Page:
Kyrgyzstan's president Roza Otunbayeva visited Brussels this week and met with NATO Secretary General Anders Fogh Rasmussen. And Otunbayeva said she was asking for help from NATO in dealing with terror threats coming from Afghanistan. From her press conference with Rasmussen:
And first of all, I would stress on the issues of the neighbouring Afghanistan and I must tell you that my serious of worries about the borders; borders with Tajikistan and then with Afghanistan. This is a concern which we have. And so we must strengthen our border troops, and I talked with the Secretary General about this matter.
We faced terroristic acts last... late last year, of last year, and this is new chapter on terroristic work which we want to learn and really to develop among the people and also with the ministries relevant. This is what we want very much to learn from NATO.
And certainly we are talking about this partnership program, Secretary General, this acronyms which you mentioned, a purpose(?) under way, and the progress between Kyrgyzstan and NATO and we want to have a real progress. We talked about this, and I hope that in our development between NATO and Kyrgyzstan we reach concrete results of this year and we're looking forward to strengthen our security forces with the NATO assistance and we want to learn from this Alliance of free societies, democratic countries, how to make safe our country.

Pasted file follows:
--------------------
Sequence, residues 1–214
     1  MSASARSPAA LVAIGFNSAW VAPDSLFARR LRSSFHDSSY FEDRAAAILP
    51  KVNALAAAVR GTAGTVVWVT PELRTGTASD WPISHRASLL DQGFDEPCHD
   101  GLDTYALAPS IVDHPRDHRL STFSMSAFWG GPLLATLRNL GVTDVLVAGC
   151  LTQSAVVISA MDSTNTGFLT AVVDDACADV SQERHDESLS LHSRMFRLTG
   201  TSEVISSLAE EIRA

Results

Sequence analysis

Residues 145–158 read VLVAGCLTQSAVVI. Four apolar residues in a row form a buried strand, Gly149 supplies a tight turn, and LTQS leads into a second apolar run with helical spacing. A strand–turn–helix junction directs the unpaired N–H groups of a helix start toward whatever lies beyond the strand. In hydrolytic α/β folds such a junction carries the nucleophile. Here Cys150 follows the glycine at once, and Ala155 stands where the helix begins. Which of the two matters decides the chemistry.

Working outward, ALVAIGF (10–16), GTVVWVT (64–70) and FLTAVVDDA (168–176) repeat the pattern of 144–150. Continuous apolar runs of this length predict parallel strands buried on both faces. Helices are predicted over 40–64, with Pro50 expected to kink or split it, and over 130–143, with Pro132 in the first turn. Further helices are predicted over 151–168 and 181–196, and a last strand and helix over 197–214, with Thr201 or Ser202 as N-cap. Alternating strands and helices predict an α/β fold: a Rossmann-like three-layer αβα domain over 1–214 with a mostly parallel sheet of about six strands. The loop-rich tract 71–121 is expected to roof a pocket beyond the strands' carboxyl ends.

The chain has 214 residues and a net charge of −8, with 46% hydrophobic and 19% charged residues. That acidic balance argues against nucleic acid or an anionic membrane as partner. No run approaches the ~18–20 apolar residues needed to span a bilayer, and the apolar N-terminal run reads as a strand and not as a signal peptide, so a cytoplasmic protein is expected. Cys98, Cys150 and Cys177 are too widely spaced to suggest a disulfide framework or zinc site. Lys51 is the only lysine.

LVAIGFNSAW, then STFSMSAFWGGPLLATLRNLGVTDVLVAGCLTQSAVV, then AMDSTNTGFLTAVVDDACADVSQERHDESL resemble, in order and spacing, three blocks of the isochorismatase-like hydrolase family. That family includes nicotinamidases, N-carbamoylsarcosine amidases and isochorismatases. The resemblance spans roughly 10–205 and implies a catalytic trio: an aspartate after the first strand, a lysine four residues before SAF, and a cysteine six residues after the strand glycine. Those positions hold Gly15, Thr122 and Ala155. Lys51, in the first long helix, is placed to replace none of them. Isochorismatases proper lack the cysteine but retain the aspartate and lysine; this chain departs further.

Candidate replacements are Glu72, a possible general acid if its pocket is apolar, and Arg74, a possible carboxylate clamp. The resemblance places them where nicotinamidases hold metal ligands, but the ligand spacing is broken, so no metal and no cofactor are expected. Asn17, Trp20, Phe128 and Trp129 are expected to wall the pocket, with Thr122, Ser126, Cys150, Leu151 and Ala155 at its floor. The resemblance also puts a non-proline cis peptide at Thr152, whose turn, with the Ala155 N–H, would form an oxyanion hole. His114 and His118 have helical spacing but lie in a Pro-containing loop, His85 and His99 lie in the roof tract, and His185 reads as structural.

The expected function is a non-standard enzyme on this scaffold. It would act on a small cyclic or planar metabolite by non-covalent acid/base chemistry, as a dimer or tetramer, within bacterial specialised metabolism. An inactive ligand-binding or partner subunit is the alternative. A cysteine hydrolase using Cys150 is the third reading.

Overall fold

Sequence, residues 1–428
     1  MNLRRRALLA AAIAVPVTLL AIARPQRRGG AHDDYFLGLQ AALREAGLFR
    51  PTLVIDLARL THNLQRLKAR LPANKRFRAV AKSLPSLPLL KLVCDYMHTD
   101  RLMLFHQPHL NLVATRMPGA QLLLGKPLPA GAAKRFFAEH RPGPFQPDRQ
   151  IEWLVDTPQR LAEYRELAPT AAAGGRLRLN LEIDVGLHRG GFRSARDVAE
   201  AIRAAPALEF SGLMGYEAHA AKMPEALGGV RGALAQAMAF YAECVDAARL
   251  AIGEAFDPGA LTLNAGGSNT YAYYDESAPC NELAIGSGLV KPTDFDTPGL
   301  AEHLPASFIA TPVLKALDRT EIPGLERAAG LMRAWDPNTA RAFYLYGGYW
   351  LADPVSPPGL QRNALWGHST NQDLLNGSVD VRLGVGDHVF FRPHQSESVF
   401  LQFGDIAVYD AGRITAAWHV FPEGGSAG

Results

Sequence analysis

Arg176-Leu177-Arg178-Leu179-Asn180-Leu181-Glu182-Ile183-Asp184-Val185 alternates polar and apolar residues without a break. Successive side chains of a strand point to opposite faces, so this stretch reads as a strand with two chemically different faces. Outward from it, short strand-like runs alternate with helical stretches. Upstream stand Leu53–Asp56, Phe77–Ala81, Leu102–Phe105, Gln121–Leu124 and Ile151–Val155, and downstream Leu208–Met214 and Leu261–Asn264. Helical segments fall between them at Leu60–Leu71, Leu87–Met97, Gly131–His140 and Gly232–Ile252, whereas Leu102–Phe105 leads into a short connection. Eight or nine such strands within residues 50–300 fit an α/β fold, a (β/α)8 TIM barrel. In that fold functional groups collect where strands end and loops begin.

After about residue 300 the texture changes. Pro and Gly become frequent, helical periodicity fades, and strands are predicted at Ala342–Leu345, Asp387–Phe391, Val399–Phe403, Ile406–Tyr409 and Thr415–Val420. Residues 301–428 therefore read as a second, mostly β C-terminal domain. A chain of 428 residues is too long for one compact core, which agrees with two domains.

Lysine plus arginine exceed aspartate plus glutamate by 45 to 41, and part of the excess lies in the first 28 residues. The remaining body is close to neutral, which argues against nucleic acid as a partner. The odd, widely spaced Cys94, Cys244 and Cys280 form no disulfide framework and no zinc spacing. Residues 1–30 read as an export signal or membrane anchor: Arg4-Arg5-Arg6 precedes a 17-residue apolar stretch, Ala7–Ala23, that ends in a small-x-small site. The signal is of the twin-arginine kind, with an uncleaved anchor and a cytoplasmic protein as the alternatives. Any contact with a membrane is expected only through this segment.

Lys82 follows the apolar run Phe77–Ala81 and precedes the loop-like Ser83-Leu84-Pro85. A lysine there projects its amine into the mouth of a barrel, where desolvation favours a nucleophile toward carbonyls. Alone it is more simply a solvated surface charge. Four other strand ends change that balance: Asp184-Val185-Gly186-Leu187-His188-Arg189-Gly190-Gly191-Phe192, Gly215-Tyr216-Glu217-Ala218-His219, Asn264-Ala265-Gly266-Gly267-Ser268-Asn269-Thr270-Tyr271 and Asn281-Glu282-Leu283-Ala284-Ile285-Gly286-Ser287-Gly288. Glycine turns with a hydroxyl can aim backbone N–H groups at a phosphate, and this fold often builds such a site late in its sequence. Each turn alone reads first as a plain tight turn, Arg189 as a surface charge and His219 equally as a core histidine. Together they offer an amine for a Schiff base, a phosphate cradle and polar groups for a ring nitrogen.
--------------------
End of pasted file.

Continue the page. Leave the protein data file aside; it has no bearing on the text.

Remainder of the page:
Both the U.S. and Russia have talked about setting up anti-terror training facilities in southern Kyrgyzstan, but nothing has yet come of either of those.
James Appathurai, NATO's special representative for the Caucasus and Central Asia, was in Washington this week and spoke yesterday at the Center for Transatlantic Relations at Johns Hopkins. He said he was planning to travel to Kyrgyzstan in the next two-three months to discuss the plan further, but wouldn't give any more details -- including how he thinks Russia might react. I will be watching @DRogozin for his take...